missing the point
This article in today’s US News and World Report is about how conventionally grown produce has the same nutrient value as that grown organically.
But read 50 words in and the article get weird, particularly in paragraph 6 where “conventionally grown” and “traditionally grown” are described as synonymous. Um.
The other crazy aspect of the report is this statement:
The review zeroed in on 162 studies that dealt with the nutrient content of foods. Only 55 were of what the researchers considered to be “satisfactory quality” — a strong indicator that, overall, the science on the subject is not up to snuff.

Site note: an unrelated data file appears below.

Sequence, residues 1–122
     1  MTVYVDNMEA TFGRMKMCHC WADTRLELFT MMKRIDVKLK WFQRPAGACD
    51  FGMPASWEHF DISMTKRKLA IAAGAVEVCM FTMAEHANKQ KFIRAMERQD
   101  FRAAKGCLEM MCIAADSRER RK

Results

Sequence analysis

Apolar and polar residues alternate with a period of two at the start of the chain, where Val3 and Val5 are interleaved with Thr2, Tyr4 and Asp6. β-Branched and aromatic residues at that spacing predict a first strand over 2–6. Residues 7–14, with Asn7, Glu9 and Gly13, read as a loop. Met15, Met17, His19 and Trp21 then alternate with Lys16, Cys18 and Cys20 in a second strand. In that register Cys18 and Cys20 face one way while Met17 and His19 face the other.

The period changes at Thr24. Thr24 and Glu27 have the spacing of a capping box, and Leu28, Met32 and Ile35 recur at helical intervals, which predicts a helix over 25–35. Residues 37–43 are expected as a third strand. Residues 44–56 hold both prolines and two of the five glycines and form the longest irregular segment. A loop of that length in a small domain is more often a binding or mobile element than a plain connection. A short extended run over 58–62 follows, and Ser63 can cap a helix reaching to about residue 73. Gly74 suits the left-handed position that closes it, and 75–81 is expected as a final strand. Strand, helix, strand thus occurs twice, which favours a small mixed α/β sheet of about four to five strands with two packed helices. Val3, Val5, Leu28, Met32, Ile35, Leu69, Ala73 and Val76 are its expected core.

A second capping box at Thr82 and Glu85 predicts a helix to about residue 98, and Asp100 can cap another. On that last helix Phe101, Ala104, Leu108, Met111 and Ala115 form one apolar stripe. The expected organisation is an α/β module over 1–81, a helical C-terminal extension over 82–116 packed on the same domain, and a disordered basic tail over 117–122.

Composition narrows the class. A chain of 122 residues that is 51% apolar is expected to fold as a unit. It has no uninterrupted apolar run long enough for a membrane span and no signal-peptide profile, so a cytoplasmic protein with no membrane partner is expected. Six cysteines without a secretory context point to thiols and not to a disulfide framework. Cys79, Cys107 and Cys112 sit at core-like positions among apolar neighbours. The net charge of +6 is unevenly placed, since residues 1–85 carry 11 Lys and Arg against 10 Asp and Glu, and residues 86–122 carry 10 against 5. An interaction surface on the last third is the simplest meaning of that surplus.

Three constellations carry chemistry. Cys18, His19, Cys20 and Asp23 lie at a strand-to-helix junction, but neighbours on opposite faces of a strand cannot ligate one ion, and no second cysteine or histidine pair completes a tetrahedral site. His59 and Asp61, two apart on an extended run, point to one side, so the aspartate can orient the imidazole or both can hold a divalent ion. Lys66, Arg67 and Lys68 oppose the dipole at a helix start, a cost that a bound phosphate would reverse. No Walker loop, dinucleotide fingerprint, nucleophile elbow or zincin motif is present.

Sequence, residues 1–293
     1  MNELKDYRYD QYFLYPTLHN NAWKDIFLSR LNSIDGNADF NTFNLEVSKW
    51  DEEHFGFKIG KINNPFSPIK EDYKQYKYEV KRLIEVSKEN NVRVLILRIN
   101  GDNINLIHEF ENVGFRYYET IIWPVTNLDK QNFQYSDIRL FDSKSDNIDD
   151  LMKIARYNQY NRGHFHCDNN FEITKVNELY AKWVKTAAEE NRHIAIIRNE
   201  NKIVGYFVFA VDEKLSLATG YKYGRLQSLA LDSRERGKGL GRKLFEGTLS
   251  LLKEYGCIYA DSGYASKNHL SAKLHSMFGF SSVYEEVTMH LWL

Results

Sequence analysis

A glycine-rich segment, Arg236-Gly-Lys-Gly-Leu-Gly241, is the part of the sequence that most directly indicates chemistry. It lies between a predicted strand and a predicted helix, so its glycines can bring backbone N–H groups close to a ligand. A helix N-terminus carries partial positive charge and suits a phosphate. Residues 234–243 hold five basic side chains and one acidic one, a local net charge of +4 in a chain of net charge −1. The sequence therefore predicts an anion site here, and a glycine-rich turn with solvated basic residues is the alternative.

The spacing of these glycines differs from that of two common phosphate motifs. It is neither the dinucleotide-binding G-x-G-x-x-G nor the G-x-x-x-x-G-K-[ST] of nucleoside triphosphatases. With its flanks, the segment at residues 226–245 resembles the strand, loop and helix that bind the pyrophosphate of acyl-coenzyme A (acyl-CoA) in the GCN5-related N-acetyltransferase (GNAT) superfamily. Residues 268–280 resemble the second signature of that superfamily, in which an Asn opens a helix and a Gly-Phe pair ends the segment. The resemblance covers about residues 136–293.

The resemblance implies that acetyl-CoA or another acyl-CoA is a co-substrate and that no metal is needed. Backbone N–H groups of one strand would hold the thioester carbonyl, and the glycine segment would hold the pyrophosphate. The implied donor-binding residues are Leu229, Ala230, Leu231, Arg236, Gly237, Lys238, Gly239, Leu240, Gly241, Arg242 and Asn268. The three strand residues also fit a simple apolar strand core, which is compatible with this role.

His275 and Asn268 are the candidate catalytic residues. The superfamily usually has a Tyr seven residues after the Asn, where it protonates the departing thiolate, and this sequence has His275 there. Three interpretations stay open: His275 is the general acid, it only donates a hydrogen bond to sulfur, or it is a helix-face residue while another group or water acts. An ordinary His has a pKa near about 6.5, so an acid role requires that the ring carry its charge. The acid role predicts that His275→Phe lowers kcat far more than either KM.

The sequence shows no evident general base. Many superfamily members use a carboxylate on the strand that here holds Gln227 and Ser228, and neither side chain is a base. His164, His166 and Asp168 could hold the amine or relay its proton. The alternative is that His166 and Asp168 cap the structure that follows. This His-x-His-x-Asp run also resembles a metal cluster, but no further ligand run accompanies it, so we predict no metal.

So why was this news, if only 34% of the reported study was considered scientifically viable, and when someone else asked these questions at the end?
“There are so many variables,” she said. “Where is something grown? Where is it shipped from? How long was it on the truck? There are going to be variables in terms of nutrition just from production methods.”
My guess is that soundbytes in the 24-hour news cycle make money, versus more complicated studies that don’t yield easy results or descriptions.